I write because no-one seems to listen to me when I speak. Little girls should be seen and not heard and it is not ladylike to shout. So I write everything down. And I mean EVERYTHING, all my thoughts, plans, feelings, lists, menus, budgets and timetables. I try to be as descriptive and as honest and creative as I can, and now and again there are what I call my 'diamonds in the dust'. My journal, my journey is my goal. I write because I can. I am lucky to have that freedom now. It hasn't always been so. I was for 7 years trapped in an Orwellian nightmare of a marriage where I had to justify and therefore be aware of every word I spoke and every tone of voice, every facial expression so I dared not write anything down in case it could be used in evidence against me. When that marriage was over, I searched through the attic for my previous life. It was all gone. There were no photographs of me as a child, no old birthday cards from my auntie Vi and, worst of all, all the writing I had ever done had just disappeared. I had become an un-person. And I had written a lot. I started a journal, novel when I was 5, written teenage angst poetry about my solvent abuse experiences, fairy stories for my daughter I gave birth to when I was 16, letters published in CND magazines in the early 80s, songs dedicated to Krishna, diaries that I kept when I was in a psychiatric hospital when I was 18-19. For the last 14 years, I've written for the sake of sanity. 'LOLLY AND THE PATH OF POPPIES' was written with a view to helping my mum to come to terms with the drug addiction of my now dead little sister. Comedy monologues have often come from things that I find slightly frightening or sinister.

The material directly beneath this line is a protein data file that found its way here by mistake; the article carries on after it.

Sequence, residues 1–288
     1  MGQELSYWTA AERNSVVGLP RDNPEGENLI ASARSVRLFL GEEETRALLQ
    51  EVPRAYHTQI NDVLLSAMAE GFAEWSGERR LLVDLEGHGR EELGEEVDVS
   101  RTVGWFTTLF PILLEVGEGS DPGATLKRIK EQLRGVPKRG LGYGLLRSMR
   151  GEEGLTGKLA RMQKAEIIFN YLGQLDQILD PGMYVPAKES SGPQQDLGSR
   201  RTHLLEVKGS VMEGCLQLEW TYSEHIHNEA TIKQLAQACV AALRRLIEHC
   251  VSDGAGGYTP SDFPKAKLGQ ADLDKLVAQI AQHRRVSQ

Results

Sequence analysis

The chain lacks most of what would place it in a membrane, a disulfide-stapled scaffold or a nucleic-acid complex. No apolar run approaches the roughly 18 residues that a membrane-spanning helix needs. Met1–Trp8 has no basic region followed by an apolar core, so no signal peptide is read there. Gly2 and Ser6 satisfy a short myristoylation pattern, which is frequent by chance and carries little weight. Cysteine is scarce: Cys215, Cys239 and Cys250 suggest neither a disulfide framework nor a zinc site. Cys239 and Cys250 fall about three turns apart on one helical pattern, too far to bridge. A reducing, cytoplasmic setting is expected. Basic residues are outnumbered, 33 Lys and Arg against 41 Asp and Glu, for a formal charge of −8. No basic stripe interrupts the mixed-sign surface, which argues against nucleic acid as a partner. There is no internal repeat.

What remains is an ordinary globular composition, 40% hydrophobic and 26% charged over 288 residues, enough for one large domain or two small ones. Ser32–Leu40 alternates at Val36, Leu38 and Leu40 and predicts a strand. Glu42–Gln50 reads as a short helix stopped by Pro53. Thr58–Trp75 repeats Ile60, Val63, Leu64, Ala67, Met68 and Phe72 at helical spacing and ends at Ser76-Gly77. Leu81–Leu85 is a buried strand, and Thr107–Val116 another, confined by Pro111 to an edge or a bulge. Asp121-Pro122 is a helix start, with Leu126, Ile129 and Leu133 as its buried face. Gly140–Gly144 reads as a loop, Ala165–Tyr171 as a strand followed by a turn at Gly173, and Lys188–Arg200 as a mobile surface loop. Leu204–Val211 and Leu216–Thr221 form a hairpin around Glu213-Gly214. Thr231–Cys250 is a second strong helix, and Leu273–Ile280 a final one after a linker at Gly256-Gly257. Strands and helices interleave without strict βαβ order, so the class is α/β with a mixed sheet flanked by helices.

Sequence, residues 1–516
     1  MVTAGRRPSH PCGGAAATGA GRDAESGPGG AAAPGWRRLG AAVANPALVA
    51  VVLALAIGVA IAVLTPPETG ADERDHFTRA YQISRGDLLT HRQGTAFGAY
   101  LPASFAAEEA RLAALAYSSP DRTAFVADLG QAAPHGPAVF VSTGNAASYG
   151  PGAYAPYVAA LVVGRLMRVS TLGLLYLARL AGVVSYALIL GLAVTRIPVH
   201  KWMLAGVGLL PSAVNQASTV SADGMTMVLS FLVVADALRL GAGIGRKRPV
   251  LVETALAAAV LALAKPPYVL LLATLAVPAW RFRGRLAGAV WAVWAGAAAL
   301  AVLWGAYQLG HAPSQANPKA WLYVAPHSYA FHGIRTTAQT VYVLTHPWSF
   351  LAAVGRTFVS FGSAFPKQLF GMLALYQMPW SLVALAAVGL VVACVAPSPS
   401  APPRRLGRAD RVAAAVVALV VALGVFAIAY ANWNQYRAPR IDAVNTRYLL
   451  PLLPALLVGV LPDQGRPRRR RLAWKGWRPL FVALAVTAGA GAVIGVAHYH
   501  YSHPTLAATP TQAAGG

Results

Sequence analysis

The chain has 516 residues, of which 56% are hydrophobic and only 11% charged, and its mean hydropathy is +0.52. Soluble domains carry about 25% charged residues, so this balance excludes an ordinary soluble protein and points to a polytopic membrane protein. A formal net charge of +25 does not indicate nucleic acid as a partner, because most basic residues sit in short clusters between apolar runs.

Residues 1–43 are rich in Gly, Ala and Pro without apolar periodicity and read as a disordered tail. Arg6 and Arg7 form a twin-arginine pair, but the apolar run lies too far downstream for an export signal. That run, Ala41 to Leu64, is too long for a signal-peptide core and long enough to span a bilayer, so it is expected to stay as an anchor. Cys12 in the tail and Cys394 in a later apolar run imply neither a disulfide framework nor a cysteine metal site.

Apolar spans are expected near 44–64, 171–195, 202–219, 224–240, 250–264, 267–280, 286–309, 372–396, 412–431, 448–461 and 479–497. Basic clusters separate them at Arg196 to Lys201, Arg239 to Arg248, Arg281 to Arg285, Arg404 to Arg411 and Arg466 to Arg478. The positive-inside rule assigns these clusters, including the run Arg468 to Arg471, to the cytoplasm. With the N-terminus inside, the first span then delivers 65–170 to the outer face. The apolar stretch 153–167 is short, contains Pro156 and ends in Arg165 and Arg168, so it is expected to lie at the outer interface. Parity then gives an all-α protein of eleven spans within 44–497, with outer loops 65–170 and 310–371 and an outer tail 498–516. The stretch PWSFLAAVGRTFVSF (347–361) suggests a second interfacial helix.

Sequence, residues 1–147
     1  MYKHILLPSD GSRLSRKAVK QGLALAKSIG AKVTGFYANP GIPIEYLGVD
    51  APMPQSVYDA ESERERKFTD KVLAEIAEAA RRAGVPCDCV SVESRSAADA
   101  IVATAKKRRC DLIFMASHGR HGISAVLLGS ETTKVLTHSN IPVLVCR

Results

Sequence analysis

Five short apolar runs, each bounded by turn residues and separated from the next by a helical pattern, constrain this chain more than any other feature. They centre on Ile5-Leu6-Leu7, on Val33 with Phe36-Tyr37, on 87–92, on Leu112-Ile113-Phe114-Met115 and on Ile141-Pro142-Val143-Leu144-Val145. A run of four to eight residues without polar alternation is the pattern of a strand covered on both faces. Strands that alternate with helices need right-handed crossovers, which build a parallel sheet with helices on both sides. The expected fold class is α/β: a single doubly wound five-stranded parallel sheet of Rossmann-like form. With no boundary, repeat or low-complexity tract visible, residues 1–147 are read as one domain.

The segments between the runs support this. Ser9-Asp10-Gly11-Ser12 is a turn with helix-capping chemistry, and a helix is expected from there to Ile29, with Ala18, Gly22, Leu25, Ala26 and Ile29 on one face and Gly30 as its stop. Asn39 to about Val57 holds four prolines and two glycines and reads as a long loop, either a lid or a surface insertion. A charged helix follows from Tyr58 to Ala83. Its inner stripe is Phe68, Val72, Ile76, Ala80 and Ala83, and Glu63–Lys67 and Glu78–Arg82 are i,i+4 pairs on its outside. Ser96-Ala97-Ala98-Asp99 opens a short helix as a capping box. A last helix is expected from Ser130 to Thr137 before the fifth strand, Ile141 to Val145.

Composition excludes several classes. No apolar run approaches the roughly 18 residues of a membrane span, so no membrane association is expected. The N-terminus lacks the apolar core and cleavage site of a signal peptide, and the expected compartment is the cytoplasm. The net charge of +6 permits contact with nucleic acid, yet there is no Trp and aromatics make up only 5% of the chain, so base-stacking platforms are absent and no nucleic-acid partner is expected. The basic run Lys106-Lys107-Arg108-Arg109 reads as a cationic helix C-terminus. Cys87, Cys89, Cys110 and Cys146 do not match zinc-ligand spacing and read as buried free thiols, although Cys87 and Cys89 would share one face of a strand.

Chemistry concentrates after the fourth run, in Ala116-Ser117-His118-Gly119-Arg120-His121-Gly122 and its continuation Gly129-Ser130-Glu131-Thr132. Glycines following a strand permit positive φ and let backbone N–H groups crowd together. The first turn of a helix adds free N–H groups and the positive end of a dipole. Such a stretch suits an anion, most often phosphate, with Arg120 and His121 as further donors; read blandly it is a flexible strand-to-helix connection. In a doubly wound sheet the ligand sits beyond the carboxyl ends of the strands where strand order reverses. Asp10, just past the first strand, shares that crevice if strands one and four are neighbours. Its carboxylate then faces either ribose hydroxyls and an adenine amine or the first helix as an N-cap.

I very rarely go out to write 'a piece of writing' now; it just all spews out into volumes of A4 spiral-bound notebooks. I write for myself primarily or for whoever might pick it up, when I'm no longer in the room, and take an interest.
The last 14 years have not been easy. My children have all had difficult teens, my soul-mate has turned out to be the most eccentric person I have ever met and I have been diagnosed as having a bipolar condition that many people seem to believe I could control if I wanted to - which is like demanding a diabetes sufferer to start producing insulin and start eating sugar like a man.
My writing contains my extremes, helps me remember that no matter how low I go, life comes around again to be vibrant and healthy and happy.
Click below for Jo's work
Three Short Pieces (.pdf) NEW!!!
Four Short Pieces (.pdf)
Three Short Works (.pdf)